Feature Post


What does Thread.Join() mean?

Couple of days ago I came across the following question over our local web blog, and following is what I replied.


[Discuss]: A Threading Query…
Consider the following block of code…

//Csharp code snippet..
Line 1: Thread t = new Thread (Go); // Assume Go is some static method
Line 2: t.Start();
Line 3: t.Join(); // Wait (block) calling thread until thread t ends

- In calling thread at line 1 we created a thread object.
- On Line 2 we started the thread t.
- Then on line 3 we are calling Join() method of Thread t which serves the other way around.
I mean if you think logically t.Join() causes the calling thread to wait untill thread T completes.
The join() method is a busy waiting technique… i.e. The main thread is engaged in a continuous
loop checking for thread t.IsAlive property to be false. t.Join() syntax is also an invalidation of an
important OOP concept, “Encapsulation”… i.e. in t.Join() we are actually blocking Main thread
instead of working on Thread t.

I don’t know how many of you agree that logically it should be the other way around (i.e. One
should be calling Thread.CurrentThread.Join(t) instead of t.Join()).

Any one thinks of a reason why the Thread.Join() method was implemented like this??


1. t.Join() doesnt block the app, it actually waits for the thread to terminate, the message pumping continues; Does something like waits for IsAlive for the given time span as you said.

2. Thread.Join() is used to assure that the thread has terminated successfully. Join() tells the thread object to wait for some time and see if it has ended. This method changes the state of the calling thread to include ThreadState.WaitSleepJoin, which further means this thread is blocked and no work is going to be done.


3. See following loc.

1. Thread t = new Thread(new ThreadStart(ThreadMethod));
2. t.Start();
4. // Wait for foreground thread to end, for good.
6. t.Join(); //wait, until thread ends.
8. //Cursor at this loc would mean that thread t has terminated successfully.
9. //but what if thread t malfunctions and never ends?

Cursor would come to line 7 only if thread t terminates gracefully.

4. Thread.CurrentThread is used to access the application's main thread.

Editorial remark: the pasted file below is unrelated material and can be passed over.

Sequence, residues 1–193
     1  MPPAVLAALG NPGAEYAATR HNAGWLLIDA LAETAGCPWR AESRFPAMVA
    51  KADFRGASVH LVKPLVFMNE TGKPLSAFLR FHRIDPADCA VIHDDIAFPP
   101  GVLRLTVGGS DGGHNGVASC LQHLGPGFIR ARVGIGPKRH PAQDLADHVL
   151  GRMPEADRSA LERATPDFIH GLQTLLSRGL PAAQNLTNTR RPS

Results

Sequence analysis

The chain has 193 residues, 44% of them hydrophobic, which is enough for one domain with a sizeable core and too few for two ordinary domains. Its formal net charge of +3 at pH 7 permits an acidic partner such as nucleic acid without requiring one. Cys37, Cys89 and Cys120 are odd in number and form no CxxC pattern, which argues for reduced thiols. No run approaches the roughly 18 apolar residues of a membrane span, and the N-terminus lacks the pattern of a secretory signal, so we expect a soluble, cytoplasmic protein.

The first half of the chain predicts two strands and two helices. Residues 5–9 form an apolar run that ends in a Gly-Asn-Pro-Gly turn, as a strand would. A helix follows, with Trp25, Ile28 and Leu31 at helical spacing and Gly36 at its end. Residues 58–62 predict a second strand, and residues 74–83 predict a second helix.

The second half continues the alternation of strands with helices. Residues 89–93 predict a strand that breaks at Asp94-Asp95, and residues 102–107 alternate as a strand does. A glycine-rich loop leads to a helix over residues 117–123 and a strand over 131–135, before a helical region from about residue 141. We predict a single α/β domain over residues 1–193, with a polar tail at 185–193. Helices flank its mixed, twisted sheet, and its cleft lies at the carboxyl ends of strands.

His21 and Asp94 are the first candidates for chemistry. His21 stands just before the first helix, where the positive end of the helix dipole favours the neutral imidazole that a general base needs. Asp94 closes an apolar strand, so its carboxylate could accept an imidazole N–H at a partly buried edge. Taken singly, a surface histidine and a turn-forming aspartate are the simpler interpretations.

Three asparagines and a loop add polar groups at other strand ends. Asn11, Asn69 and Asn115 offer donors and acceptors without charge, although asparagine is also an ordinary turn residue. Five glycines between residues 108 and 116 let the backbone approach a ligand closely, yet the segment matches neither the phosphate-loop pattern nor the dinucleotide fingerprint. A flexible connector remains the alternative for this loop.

1. Thread.CurrentThread.Join();//Wait, whole life

The above loc would mean, wait for the application thread to finish, which in most cases it would never occur; Unless for a user interface based app, user closes the app manually.

In fact the following two lines of code are almost same:

1. Thread.CurrentThread.Join (); //calling main thread, the app, wait for good.
2. Thread.Sleep (1000); //static method call, wait for 1 sec.

While cursor would never be able come to the line 2 in the above code; But if we provide the Join(secs) with some time span it would come to line 2 after 5 secs (see following locs).

1. Thread.CurrentThread.Join (5000); //calling main thread, the app.
2. Thread.Sleep (1000); //static method call

With Thread.CurrentThread.Join(1000) message pumping continues while Thread.Sleep(1000) hangs the app since its a static method call.

5. Thread.Join() is more preffered with timeout. And using Join() without a timeout may lead to unexpected results; Most common concern you would come across is what if thread t never ends?

So I prefer using Join() to report un/successful thread termination.

1. //Wait for 10 secs and then report the status.
2. if(!t.Join(10000))
3. Log.Error("Couldnt end thread even after 10 seconds");
4. else
5. Log.Info("Thread terminated successfully");

I believe one would use Thread.CurrentThread.Join(1000) for the application to wait for some time, but I do not see the need, or I should say I have yet to come across a situation where I could use Thread.CurrentThread.Join() without any timeout.

6. Since it is written:
"it should be the other way around (i.e. One should be calling Thread.CurrentThread.Join(t) instead of t.Join())."

I am assuming that the word Join() is somewhat not really self explanatory - and is confusing. It should have been something like t.WaitForThreadToQuit() or t.WaitForThreadEnd() or t.WaitForEnd() or wait for some time and then report; Well... I am not sure about a generic name for that method probably thats why MS came up with the Join() thingy. Just thinking... out loud.

I use to refer to an helpful resource whenever I am stuck into the threads (pun intended). (0:
http://www.albahari.com/threading/ there is also a pdf available there.

I am not sure if this answers the question, I would suggest checkout msdn for more precise information/articles/helps.